Friday, March 23, 2007

Life Notes - Relational Thing (1)

Christianity is a relational thing.

I am basically an adequate guitar player, nothing special. I have the guitar my Dad used for most of the time I can rememeber him playing, both at home and occasionally in public performances. Dad was better than me at it. But I have his Alvarez flat-top guit-box with the special leather strap my brother made for him. And I have an Ibanez 12-string that my wife bought for me a few years back. It is as awesome as I thought it would be for all those years I dreamed of having one. And the last guitar I have is a hand-made (one of four like it) original that my Dad crafted from home-made forms and store-bought wood and home crafted tools that look and function just like the ones in the book on guitar-building he read. Dad's craftsmanship rendered a rich, full-bodied classical guitar with a capital Z carved into the end of the keyboard. My Mom has one, my sister another, and my brother has the last of the four. In truth, my brother finished the work that my Dad began but could not finish on my guitar, due to the lung cancer that claimed his physical tent.

I shared all of that to give a glimpse of the kind of musical influences of my family as I was growing up. Still, we attended only non-IM churches of Christ all the time I was growing up. Dad never had a problem with playing hymns and singing them together as a family at home, because it came from the heart as Paul said to do, so maybe that was a good influence that helped me to see things the way I do. We had organs and pianos and guitars and bongos and tambourines and morracas and chimes and even a xither. And my Dad built a harp during the time he was beginning to make guitars, too.

So I finally picked up a guitar in college, 28 years ago, and never - until this last Christmas season - had ever played an instrument in an assembly of the saints. At our Sunday assembly we sang music celebrating the coming of the Word that was made flesh and I preached about the Savior and we closed the service with the congregation singing Silent Night as our sound man and I played guitars and one of our elders played the piano. It was a wonderful time of encouragement and praise and fellowship. And it was the first time I played in an assembly of saints...but probably not the last, Lord willing.

Now I know there are some who will mark me for doing this, perhaps even here, but I do not stand or fall before any of these. I seek only the blessing of my Father in heaven, for He is the only One who can make me to stand in His presence. My heart and my voice accompanied by my guitar and Tim's guitar and Ken's piano and the voices of the congregation with their hearts sang the melody together. Some may struggle to understand this, but I must say that it was one of the most spiritual moments for me. Finally I offered the gift of my Dad and of my own heart to the Lord. No one asked me to give another gift because it wasn't the right one or because it wasn't their gift. No one asked me to offer a different gift at all. All who were there understood that we all offered our gifts to the Lord, and we all took time to encourage one another further before we left that assembly.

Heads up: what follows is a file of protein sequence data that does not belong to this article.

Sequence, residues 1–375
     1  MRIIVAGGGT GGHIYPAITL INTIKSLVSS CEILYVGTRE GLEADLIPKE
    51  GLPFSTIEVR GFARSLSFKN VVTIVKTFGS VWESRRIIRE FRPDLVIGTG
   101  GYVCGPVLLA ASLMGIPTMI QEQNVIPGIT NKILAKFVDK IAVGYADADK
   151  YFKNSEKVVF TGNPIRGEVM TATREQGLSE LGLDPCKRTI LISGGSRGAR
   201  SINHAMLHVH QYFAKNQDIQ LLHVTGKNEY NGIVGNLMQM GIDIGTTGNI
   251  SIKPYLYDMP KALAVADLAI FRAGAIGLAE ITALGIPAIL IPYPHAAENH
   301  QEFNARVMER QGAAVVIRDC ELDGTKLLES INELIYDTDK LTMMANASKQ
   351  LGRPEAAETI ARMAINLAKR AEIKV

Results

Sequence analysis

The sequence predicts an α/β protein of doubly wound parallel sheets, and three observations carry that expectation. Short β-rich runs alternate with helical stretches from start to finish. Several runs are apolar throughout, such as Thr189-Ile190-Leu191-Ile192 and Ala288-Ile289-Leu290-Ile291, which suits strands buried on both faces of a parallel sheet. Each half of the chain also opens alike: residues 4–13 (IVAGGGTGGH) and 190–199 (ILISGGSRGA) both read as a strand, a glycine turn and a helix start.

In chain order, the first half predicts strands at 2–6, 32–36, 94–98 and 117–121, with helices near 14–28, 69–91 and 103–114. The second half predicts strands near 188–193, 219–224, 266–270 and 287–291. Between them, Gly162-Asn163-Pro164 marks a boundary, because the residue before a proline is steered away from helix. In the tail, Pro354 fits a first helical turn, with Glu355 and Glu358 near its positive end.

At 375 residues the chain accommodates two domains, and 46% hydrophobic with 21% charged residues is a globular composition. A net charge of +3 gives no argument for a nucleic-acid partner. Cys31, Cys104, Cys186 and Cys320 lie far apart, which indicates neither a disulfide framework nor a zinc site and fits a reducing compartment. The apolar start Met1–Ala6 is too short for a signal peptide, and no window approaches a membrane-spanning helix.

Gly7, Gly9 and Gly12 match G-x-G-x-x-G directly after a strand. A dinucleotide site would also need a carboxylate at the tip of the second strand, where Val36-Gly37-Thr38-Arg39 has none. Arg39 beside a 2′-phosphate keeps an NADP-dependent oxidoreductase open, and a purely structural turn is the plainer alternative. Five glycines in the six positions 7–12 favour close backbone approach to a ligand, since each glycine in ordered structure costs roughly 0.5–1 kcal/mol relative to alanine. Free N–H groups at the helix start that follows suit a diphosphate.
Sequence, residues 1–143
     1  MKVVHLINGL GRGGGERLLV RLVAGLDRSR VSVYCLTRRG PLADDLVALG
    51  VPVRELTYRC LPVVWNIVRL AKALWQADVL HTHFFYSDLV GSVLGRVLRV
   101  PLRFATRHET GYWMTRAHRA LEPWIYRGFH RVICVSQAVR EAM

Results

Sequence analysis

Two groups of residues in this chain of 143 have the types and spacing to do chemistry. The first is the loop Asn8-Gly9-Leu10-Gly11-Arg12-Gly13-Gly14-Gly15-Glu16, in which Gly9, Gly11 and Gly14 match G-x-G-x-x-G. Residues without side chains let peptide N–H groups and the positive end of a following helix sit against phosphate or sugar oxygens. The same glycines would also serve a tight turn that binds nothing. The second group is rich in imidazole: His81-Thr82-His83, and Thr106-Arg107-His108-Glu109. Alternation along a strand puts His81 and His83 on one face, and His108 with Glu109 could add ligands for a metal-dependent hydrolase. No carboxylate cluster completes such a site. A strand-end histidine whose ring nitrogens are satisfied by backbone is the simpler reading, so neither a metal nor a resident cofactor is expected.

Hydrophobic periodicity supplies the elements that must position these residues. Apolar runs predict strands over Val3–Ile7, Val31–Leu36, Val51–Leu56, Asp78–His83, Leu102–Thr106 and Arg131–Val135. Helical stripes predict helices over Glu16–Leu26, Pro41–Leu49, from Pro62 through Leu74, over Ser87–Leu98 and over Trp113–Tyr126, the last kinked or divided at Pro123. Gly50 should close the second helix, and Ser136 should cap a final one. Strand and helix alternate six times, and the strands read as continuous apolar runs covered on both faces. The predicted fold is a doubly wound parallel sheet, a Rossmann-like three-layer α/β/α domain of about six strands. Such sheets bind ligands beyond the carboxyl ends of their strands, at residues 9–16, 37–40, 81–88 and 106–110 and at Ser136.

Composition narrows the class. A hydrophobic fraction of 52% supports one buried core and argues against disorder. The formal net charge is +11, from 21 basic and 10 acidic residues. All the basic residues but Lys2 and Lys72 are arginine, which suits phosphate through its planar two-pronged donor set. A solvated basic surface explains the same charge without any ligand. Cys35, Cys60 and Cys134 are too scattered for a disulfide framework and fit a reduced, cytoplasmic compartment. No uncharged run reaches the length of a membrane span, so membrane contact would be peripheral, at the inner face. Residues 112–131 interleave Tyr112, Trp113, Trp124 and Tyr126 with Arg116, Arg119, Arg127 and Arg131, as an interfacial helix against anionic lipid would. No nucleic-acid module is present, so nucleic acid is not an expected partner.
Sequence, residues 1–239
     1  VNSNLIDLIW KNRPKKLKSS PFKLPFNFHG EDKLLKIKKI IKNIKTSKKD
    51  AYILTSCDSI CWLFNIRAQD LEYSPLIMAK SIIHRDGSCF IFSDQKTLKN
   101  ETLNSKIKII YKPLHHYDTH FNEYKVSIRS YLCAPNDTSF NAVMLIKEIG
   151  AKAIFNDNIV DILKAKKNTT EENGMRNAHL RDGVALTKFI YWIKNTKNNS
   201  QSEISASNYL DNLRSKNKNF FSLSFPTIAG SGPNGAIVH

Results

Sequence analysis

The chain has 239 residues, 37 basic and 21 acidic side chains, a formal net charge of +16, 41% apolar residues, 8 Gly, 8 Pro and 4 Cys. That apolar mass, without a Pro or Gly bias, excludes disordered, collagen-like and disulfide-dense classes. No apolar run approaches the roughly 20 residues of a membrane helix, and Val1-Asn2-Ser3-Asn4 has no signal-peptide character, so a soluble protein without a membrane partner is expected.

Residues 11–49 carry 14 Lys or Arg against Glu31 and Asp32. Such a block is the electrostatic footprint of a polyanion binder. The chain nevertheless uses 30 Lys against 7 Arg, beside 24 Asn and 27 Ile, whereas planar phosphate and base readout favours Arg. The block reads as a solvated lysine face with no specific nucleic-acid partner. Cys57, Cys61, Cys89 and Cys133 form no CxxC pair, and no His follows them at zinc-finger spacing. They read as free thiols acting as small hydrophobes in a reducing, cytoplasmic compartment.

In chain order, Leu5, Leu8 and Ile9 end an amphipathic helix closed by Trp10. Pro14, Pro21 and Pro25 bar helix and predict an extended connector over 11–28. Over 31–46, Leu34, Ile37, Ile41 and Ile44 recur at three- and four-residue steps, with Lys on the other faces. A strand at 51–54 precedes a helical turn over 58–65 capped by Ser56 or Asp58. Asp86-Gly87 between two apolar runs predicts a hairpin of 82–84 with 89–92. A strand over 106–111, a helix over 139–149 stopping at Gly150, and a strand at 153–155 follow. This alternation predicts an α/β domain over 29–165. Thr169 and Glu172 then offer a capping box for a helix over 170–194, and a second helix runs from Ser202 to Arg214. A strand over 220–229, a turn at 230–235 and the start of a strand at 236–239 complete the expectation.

And so I wonder ... how many others, like my Dad, have longed to offer the gift they had to the Lord but were told it wasn't the right gift? (Like my Dad was told when he was asked to lead singing but told them he only sang lead when he played his guitar, due to insecurities about his voice.) My Dad's voice was a wonderful, rich baritone voice trained by singing and performing country music whenever he could and wherever he could. And I remember well those times he would play the organ and accompany us as we would sing the songs we had sung that week at church. I remember him calling out the chords as they changed, so I could strum along on his guitar. And I remember wondering if the saints we assembled with had any idea what they were missing when they told my Dad it wasn't acceptable for him to play his guitar in an assembly, or even at a fellowship in someone's home. Dad accepted it with grace, but declined to lead singing without his guitar, because he really never learned how to do that - and no one offered to teach him, either. I barely struggle through leading songs and still do not have the skills to teach someone how to lead a song well - so I could not teach him.

Well, now Dad is asleep in the Lord, waiting to waken to the trumpet's call and rise to live with the Lord forever. And I look forward to the day when Dad and I will pick up guitars together in heaven and sing for Jesus as He listens face to face. What a day that will be!

That's a part of what I mean when I say, "It is a relational thing."

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